Aces on Bridge — Daily Columns

The Aces on Bridge: Thursday, May 26th, 2011

Vulnerable: Both

Dealer: East


K J 9 8 6

A 9 6 4

7 3

7 2



K Q 8 3

A Q 9 8

J 6 5 3


Q 5 2

5 2

10 6 5 4 2

Q 10 9


A 7 4 3

J 10 7


A K 8 4


South West North East
1 NT Pass 2 Pass
2 Pass 4 All pass

Opening Lead: Heart king

“Some old crone let us seek,

To spit on us for luck and keep unlovely things afar.”

— Theocritus

Luck comes in all shapes and sizes. At the Dyspeptics Club, South is the big winner — though all the other players in his foursome would swear this was simply because of the rock-crushers that he picks up. He would tell you that the cards never lie well for him; judge for yourself, given today’s deal, who had the best of the argument.

West not unnaturally led a top heart against four spades; declarer won and cashed the top trumps, discovering the loser there, then reverted to hearts. West won his heart queen and after much thought played a club. Declarer could win and lead hearts, but when East ruffed in and played a diamond through declarer, the contract was one down. South pointed to the combination of bad breaks as conclusive proof that he was born under a black cloud. Do you agree?

South failed to understand the need to keep East off play for the duration of the hand in case the diamond honors were offside. While it is normal to play for the drop when there are four trumps out missing the queen, this is the exception that proves the rule.

Win the heart ace, cash the spade king, then play a small spade to your seven. If this loses to West, he can do you no harm. You can win his return and knock out the heart queen, establishing a winner on which to discard a diamond.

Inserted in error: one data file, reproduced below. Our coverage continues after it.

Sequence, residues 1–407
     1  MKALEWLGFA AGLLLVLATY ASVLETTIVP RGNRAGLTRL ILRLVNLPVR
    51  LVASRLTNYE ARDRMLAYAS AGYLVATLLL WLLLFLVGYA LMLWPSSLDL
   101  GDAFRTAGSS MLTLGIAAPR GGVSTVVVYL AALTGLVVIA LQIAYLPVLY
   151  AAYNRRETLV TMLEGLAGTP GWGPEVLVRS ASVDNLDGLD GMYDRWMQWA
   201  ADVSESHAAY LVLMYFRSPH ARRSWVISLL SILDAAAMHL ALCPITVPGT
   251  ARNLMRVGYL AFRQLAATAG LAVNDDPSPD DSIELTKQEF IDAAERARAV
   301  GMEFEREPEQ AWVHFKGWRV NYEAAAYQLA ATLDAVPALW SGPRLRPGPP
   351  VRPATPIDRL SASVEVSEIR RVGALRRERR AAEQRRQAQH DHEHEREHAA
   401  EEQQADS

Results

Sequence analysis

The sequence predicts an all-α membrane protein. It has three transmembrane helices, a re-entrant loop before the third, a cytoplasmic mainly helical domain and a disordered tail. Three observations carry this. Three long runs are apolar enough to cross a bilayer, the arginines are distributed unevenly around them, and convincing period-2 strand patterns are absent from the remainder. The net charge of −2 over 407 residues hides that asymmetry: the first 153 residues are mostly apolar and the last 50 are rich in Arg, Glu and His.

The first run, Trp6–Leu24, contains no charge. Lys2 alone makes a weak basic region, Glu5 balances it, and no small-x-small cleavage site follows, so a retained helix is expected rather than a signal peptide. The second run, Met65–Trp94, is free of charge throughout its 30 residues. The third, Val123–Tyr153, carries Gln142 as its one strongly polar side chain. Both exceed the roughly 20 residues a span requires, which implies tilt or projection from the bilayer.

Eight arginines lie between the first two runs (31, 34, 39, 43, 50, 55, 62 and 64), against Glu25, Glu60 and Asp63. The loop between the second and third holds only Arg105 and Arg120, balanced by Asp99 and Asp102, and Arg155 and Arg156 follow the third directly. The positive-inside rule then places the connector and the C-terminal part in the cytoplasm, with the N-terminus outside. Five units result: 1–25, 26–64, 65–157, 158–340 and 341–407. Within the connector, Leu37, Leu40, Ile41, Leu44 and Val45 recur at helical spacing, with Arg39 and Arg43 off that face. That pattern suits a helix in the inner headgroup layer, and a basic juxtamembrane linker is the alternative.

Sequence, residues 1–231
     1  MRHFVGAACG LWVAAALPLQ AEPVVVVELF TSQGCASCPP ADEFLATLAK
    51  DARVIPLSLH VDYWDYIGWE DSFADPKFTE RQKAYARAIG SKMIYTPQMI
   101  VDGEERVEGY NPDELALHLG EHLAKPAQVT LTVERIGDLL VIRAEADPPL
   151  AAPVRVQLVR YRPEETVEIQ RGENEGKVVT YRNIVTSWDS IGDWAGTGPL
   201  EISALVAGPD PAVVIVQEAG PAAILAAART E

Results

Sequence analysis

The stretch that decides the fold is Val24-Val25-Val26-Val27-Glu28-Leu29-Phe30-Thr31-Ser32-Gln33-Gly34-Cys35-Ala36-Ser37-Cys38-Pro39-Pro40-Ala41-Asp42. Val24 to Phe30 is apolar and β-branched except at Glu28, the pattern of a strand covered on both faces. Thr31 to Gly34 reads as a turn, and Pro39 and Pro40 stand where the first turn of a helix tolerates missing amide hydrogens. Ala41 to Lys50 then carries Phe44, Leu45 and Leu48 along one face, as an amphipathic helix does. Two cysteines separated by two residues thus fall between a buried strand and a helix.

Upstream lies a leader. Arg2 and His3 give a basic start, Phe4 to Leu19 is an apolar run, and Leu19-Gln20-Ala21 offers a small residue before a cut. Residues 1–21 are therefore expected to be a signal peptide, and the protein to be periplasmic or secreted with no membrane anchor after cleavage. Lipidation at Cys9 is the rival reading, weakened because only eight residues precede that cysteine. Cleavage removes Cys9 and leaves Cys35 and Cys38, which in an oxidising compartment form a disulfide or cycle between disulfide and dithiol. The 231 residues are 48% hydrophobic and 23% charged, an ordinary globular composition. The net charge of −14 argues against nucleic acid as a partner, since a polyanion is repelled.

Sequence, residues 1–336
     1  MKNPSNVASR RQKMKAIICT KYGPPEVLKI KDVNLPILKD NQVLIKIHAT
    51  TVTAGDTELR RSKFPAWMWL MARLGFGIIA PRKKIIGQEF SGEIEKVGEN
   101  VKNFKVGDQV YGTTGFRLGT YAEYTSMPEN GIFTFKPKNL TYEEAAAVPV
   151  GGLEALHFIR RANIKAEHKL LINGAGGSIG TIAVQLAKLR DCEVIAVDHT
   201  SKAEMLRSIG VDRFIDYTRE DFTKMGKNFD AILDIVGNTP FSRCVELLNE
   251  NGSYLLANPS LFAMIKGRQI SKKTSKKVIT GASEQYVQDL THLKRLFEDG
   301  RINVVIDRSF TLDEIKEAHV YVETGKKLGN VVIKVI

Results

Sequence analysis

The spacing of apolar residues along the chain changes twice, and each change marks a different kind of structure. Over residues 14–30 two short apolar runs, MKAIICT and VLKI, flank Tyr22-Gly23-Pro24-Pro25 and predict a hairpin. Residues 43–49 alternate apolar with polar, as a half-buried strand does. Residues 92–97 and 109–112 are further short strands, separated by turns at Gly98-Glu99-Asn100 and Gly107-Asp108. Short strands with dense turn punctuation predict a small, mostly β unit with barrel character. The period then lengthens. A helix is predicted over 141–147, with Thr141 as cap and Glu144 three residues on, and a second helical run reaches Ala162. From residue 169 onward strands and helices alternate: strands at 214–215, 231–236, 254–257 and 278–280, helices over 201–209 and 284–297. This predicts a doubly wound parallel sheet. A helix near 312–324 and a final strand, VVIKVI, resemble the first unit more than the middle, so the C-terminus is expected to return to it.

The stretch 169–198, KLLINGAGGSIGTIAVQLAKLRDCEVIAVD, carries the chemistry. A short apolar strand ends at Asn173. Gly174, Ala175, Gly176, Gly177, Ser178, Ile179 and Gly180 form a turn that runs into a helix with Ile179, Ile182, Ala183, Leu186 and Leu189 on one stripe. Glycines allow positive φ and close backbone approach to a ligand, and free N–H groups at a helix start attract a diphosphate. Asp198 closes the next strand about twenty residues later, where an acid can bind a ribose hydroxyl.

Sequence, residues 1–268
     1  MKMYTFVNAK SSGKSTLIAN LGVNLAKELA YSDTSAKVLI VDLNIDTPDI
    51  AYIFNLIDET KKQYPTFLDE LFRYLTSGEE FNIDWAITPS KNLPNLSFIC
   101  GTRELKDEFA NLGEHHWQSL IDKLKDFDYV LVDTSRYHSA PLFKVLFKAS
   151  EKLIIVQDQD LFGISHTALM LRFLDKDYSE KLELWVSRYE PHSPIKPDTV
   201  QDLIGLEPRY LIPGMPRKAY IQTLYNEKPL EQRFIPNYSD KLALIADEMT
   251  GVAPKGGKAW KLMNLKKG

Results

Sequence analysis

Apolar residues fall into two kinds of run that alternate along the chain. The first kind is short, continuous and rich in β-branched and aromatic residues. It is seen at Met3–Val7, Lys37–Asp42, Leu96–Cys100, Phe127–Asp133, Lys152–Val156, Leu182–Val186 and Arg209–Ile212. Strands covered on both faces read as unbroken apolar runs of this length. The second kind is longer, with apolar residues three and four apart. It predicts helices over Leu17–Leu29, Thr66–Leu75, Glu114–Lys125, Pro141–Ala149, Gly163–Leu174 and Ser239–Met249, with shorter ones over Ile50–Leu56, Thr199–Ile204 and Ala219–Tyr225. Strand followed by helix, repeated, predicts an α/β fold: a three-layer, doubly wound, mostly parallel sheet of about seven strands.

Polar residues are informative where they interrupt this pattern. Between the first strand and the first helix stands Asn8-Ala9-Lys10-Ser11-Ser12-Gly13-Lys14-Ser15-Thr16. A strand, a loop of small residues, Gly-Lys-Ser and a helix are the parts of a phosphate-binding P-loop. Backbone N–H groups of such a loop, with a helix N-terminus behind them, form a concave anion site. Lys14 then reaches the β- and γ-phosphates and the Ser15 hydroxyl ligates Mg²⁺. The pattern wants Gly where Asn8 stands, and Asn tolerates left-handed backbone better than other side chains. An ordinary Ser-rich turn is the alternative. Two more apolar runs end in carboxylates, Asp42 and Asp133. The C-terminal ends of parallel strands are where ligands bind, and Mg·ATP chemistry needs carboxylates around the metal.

South holds:

K J 9 8 6
A 9 6 4
7 3
7 2


South West North East
1 Pass 1
ANSWER: This sort of hand will get players worked up, some claiming that an overcall of one spade is absurd, others telling you that it is automatic. I am closer to the second camp. You bid with this hand, not because you expect to make a spade partscore or game, but to help partner in the bidding and play. When you don’t overcall in spades, you don’t got ’em!


For details of Bobby Wolff’s autobiography, The Lone Wolff, contact If you would like to contact Bobby Wolff, please leave a comment at this blog. Reproduced with permission of United Feature Syndicate, Inc., Copyright 2011. If you are interested in reprinting The Aces on Bridge column, contact


Albert OhanaJune 9th, 2011 at 3:32 pm

Dear M. Wolff

We had a discussion with some players about an auction, and please could you tell me what is right and what is wrong:

you are South and have





West opens 1S, North Doubles, East Redoubles, and you say 2H ( do you agree ?)

West says 2S, N pass, East pass, and you bid 3C, which is passed out.

Does the bid of 3C promise more Clubs than Hearts, or do you confirm 5 Hearts and maybe 4 OR 5 Clubs ?

Many thanks in advance

Al. Ohana

bobby wolffJune 9th, 2011 at 6:02 pm

Hi Albert.

Bidding 3 clubs in that spot may easily suggest 4 hearts and 5 clubs. Partner almost always (the exception being an enormous hand) wants you, his partner, to bid the other major and so he may expect only 4 hearts when you bid them. However the partner of the doubler, in spite of the redouble by his RHO, should jump to 3 hearts to show a fair to middling other major response and to let partner know that you are happy with the bidding. If that is done, the problem that arose would remain dormant.

jim2June 9th, 2011 at 6:30 pm

Beat Lynch! (Seniors Trials in Detroit)

bobby wolffJune 11th, 2011 at 8:12 am

Hi Jim2,

Deed done and thanks.

If only our heroic Navy Seals team. who, no doubt, accomplished a far greater task, also played bridge, our game would have gotten the publicity it so richly deserves.

Oh well, time and life goes on, but let me please say, Go Mavericks (I lived in Dallas for 35 years), beat the Heat and lay the demons to rest.